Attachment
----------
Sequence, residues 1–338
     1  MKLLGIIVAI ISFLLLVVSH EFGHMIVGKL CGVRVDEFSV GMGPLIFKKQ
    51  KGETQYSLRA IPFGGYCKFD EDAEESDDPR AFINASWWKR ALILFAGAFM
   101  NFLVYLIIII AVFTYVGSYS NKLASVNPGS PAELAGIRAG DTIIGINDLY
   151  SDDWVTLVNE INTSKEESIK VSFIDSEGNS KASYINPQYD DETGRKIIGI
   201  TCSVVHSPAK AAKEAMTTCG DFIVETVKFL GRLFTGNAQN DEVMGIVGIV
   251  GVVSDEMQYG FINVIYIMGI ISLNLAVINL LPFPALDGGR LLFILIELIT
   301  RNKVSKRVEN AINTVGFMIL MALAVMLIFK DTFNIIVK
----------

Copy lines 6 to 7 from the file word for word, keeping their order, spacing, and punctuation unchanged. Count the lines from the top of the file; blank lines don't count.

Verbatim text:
   201  TCSVVHSPAK AAKEAMTTCG DFIVETVKFL GRLFTGNAQN DEVMGIVGIV
   251  GVVSDEMQYG FINVIYIMGI ISLNLAVINL LPFPALDGGR LLFILIELIT